Washington State: Respite Care for the "No Paid Services" Caseload

Because We Care - Beyond Inclusion is a Washington State blog that advocates for a full continuum of care for people with intellectual disabilities and their families. 

Because We Care supports HB 1546, a bill before the Washington State legislature that would address some of the needs of 16,000 plus developmentally disabled clients who are eligible for services but do not receive any. They are called the "no paid services" case load. 

Among other things, the bill would make available funding to provide respite services for 4,000 people for the fiscal years 2014 and 2015. 

Many families who already have respite funding have difficulty finding providers who are reliable, competent, and willing to work for low pay. This blog post urges the DD system in Washington State to look beyond in-home care and consider the possibility of using specialized programs for people with DD already in place in schools, recreation departments, county park systems, and other center-based programs:

"By utilizing a center based respite we could pay the providers more than minimum wage which would add to provider stability,  have transportation to and/or from school for after school respite, provide respite right in the community, provide meaningful activities, have staff support (thereby not relying on one person to show up at your house – we have all experienced the unreliability of this situation which only adds to the family’s stress) and there are more eyes on everyone to help with prevention of negligent care."

This sounds good to me, but it is bucking the trend pushed by full inclusion advocates to eliminate disability-only services. The blog post has an answer for that: "Without respite our families are becoming socially excluded – isolated from community.  This is not what the inclusion movement was intended to do but it has become the reality for many families."

Tuesday, February 19, 2013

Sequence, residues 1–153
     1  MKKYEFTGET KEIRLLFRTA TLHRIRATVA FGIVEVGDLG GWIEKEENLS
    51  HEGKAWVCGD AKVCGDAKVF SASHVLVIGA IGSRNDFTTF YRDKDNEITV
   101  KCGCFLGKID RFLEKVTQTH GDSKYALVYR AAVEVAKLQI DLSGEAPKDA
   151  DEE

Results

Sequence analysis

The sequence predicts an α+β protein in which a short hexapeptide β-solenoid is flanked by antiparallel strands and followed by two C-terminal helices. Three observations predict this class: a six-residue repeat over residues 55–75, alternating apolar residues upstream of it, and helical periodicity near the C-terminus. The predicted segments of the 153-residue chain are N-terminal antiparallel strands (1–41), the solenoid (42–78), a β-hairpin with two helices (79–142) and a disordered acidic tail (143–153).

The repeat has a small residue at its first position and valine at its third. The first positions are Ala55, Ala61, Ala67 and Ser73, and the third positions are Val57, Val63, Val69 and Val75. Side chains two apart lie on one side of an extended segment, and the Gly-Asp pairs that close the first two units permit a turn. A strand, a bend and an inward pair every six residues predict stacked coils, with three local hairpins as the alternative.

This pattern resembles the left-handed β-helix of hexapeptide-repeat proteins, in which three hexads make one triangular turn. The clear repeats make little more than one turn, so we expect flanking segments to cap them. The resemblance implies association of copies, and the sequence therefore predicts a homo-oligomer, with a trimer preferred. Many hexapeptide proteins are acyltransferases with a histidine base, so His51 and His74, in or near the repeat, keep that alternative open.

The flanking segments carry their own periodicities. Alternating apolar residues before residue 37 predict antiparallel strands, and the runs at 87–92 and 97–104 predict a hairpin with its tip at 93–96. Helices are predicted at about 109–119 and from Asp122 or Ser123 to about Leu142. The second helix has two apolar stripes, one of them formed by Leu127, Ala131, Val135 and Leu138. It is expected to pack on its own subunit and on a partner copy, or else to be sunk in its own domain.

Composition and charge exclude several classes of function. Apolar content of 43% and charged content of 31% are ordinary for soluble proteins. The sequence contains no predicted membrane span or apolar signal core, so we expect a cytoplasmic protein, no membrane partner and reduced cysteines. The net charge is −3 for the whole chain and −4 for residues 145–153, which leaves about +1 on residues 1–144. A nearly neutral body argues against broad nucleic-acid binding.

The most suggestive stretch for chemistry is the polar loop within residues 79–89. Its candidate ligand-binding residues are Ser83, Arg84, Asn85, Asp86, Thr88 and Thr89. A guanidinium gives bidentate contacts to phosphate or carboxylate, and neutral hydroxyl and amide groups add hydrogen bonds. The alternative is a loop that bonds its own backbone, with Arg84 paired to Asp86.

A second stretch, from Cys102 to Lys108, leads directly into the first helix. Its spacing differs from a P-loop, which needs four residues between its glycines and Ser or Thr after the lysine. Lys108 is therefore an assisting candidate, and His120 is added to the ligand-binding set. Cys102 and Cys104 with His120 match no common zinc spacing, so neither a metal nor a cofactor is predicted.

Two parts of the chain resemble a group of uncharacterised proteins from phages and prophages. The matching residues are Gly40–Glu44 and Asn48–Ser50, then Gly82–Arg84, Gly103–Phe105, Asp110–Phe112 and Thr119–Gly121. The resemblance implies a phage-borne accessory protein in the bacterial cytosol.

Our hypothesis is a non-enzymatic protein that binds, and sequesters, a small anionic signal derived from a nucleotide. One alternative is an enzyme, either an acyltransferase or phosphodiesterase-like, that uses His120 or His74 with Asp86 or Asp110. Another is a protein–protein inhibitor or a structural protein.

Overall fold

How Natural are Natural Supports?

Natural Supports
"Natural Supports" is the name given to unpaid care giving provided by a disabled person's family and friends. Unpaid caregivers should be supported and encouraged for all they do voluntarily for their disabled family members and friends. They should also be acknowledged for their important contribution to the overall support system for people with disabilities. But let's not glorify the virtues of Natural Supports as a way to avoid facing gaps in the system of care and the lack of paid services and residential options for people with developmental disabilities. 
VOR, a national organization that supports a full array of residential and service options for people with intellectual and developmental disabilities, addresses these issues in its November 16, 2012  newsletter in an article called "The Growing Burden on Caregivers: A Focus on Natural Supports".

According to the article: 

"In this difficult economy, policymakers are quite tempted to support and expand free natural supports. Some advocates leverage this temptation and oversell the virtues of natural supports while also seeking closure of specialized residential (large and small), supported employment, and other services…However, how “natural” is it for a middle aged person to be living with, and supported by, elderly parents? There are an unprecedented number of families in exactly that situation, arguably due to aggressive efforts over the years to dismantle specialized services and unreasonable pressure by advocates and states on families to take on caregiving ("natural support") duties in the family home…."

VOR concludes: